Andy Warhol’s Masturbation Metaphor

In a 1977 interview with Glenn O’Brien for the marijuana lifestyle magazine High Times, O’Brien asked Andy Warhol if his teachers recognized his early “natural talent.” “Something like that,” Warhol responded with his characteristic unconventionality, “unnatural talent.” Warhol’s “unnatural talent” quip alluded not only to his mass-produced, machine-like paintings of soup cans and silk screen portraits, but also to his sexual orientation — the “unnatural” life of a homosexual. Just as Warhol turned that verbal double play, art scholar Michael Maizels tries to touch those two bases of Warhol’s art in “Doing It Yourself: Machines, Masturbation, and Andy Warhol” in the Fall 2014 issue of Art Journal. For Maizels, the way that Warhol made art reflected the way Warhol lived his life as a homosexual male in late 20th century America. When we look at Warhol’s art, Maizels suggests, we should see not just a critique of commercialized society and its art, but also a critique of that same society’s sexual tolerance.

Andy Warhol’s Masturbation Metaphor

In a 1977 interview with Glenn O’Brien for the marijuana lifestyle magazine High Times, O’Brien asked Andy Warhol if his teachers recognized his early “natural talent.” “Something like that,” Warhol responded with his characteristic unconventionality, “unnatural talent.” Warhol’s “unnatural talent” quip alluded not only to his mass-produced, machine-like paintings of soup cans and silk screen portraits, but also to his sexual orientation— the “unnatural” life of a homosexual. Just as Warhol turned that verbal double play, art scholar Michael Maizels tries to touch those two bases of Warhol’s art in “Doing It Yourself: Machines, Masturbation, and Andy Warhol” in the Fall 2014 issue of Art Journal. For Maizels, the way that Warhol made art reflected the way Warhol lived his life as a homosexual male in late 20th century America. When we look at Warhol’s art, Maizels suggests, we should see not just a critique of commercialized society and its art, but also a critique of that same society’s sexual tolerance.


Maizels, a teacher, curator, and scholar who focuses on the legacy of the art of the 1960s, begins by laying out the history of Warhol studies. “Until the middle of the 1990s, readings of Warhol’s work typically focused on its engagements with the societal shifts of the mid-1960s — for example the rise of commodity consumption and celebrity culture — and the extent to which Warhol was either critical of or complicit in these changes,” Maizels explains. “However, beginning with the 1996 publication of Pop Out: Queer Warhol, art historians have increasingly argued for considering questions of sexual practice and identity as central to Warhol’s art.” Building on that scholarship, Maizels “conten[ds] that ‘the commodity Warhol’ and ‘the queer Warhol’ were bound up in one another to an extent that has not been sufficiently appreciated — linked by imagery as well as through their means of production.”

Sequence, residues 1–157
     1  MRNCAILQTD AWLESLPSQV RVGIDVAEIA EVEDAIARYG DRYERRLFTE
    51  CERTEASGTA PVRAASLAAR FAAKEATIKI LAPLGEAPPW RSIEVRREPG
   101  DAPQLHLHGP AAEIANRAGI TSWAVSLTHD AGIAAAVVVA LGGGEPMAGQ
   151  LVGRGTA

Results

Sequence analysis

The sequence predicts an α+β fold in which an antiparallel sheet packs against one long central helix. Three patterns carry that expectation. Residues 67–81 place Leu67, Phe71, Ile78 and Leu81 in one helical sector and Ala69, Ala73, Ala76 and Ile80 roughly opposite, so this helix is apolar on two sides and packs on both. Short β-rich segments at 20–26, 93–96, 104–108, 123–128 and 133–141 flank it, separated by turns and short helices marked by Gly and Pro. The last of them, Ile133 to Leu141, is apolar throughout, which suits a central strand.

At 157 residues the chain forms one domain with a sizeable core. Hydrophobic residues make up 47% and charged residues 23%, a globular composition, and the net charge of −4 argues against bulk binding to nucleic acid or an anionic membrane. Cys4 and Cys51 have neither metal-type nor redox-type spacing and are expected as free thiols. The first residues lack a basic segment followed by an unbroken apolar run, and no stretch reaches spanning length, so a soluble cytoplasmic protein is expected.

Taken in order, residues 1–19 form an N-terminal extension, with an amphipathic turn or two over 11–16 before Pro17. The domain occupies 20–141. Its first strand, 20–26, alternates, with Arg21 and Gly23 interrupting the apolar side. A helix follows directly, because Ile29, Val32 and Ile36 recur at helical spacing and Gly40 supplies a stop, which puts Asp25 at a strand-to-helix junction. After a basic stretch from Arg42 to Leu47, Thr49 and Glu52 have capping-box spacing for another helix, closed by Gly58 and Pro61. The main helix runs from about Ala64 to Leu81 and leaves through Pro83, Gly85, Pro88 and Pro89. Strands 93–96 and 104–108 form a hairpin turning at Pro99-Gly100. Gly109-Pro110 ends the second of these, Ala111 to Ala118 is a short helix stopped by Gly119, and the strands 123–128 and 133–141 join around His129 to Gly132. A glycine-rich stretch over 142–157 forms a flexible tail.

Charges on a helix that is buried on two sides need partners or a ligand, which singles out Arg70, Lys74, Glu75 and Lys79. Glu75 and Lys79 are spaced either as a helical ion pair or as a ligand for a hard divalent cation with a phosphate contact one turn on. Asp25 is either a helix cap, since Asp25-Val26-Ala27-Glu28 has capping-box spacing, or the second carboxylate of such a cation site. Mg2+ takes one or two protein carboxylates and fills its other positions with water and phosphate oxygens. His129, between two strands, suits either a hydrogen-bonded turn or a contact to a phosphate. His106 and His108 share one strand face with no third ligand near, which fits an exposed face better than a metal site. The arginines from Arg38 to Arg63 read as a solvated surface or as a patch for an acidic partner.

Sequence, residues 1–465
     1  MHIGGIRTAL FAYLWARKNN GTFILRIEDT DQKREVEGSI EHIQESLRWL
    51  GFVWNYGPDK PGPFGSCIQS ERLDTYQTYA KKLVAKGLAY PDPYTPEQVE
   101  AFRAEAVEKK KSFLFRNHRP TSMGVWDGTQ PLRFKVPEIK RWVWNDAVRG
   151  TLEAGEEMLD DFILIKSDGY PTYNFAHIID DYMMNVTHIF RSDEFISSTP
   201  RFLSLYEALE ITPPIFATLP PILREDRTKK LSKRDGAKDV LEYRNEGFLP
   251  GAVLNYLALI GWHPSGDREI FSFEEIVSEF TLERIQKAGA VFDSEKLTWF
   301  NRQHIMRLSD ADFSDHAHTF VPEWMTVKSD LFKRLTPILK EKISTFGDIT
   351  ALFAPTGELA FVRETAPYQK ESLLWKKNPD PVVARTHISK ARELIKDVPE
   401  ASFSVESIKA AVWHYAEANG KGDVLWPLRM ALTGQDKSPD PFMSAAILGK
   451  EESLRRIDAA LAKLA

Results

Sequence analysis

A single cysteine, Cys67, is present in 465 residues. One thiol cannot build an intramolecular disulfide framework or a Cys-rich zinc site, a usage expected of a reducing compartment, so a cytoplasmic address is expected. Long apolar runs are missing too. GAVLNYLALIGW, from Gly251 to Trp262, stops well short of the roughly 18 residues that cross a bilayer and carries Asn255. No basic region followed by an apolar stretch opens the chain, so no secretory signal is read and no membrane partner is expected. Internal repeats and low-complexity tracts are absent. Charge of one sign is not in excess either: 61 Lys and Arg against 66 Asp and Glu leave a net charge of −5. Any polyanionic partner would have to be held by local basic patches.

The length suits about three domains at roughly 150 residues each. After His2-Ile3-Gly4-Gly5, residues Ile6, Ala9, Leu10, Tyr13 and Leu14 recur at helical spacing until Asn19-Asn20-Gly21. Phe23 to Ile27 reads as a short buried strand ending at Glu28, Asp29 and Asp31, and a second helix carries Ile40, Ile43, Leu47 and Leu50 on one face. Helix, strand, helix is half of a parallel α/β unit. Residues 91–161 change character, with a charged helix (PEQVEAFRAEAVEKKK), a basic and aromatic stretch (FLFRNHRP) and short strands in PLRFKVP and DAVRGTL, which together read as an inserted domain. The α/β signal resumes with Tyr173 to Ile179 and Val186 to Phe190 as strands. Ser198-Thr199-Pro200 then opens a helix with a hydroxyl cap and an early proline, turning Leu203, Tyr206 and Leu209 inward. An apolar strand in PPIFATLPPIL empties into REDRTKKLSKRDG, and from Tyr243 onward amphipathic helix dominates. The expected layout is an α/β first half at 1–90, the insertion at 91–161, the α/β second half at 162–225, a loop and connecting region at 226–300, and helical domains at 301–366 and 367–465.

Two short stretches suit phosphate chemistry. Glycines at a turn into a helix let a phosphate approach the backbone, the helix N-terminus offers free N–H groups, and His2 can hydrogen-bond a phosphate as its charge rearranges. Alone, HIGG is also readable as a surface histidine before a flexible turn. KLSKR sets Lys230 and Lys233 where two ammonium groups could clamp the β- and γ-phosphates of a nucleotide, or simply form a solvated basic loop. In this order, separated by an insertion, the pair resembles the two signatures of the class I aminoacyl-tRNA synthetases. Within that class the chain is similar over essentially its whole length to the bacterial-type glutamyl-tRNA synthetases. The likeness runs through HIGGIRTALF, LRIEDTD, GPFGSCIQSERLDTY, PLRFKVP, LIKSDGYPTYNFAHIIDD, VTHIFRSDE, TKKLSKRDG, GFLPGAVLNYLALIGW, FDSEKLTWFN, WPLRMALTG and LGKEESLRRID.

Essentially, Maizels sees Warhol as commenting on the perception of his homosexuality as “unnatural” and “non-productive” through the similar, almost invited perception of his art as “unnatural” and “non-productive” because it increasingly diminished the presence of the human hand. Exhibit A for Maizels’ case are the five paintings Warhol made between 1962 and 1963 that he collectively titled his Do It Yourself series. These five paintings — two still lifes, two seascapes, and one landscape — mimic the “paint by number” kits first popular in the 1950s. In terms of content, Warhol’s mimicry “is ... typically read as commentary on the increasingly commodified nature of artistic production,” Maizels argues, but “their collective title can also be read as a thinly veiled reference to masturbation.”

As Maizels points out, the language historically used to denounce industrialization (and more recently in the 1950s used to criticize the aesthetics of painting by number) as an unnatural threat to natural human skill and productivity sounds a lot like the language traditionally used to denounce homosexuality as an unnatural threat to heterosexuality and human reproduction. “As same-sex desire has historically been denounced by analogy with the machine — as unnatural, involuted, and sterile,” Maizels writes, “Warhol’s embrace of mass production became a way to stake out an aesthetic that celebrated the qualities of repetition, sterility, and immanence in much the way that traditional, heteronormative criticism trumpeted singularity, fecundity, and universality.” In response to a world that rejected him personally, Warhol created a kind of art that rejected that world’s premises in turn not only about what is “normal,” but also about what is “art.”

As Maizels rightly points out, the reigning picture of a “natural” American artist in the 1960s was Abstract Expressionist Jackson Pollock, a man who once boldly announced, “I am nature.” The brash, boozy, man’s man “Jack the Dripper” thus serves as the face of the “historical construction of the hypervirile masculine artist” critiqued by Warhol in his “mocking the notion of artistic creation as akin to heterosexual coitus.” The Do It Yourself double entendre thus uses the masturbation metaphor to reject the idea of a “normal” artist or a “normal” person as a Pollock-esque hyper-hetero. Every Warhol paint by number, soup can, or silk screen can therefore be seen as a defiant self-portrait on multiple levels.

In the end, Maizels cautions that “[t]his is not to suggest that Warhol was expressing an essential connection between masturbation, homosexuality, and mechanical fabrication, but rather that he mobilized and obliquely sought to reclaim these terms that had been derided together through similar language.” Warhol’s soup cans and silk screens aren’t about masturbation specifically, but rather strive to break the link forged in the popular imagination between masturbation, the acceptance of sexual difference, and industrialization. Thus, when Warhol famously remarked, “I want to be a machine,” he could just as easily have announced, “I want to be accepted for who I am.” Maizels’ article brings fresh eyes to Warhol’s most familiar, too familiar artworks and raises interesting questions still vital in this age of same-sex marriage regarding what direction America will take in the civil rights issue of our time.

[Image: Andy Warhol. Self-Portrait, 1986. Image source: WikiArt.]

[Please follow me on Twitter (@BobDPictureThis) and Facebook (Art Blog By Bob) for more art news and views.]

A landslide is imminent and so is its tsunami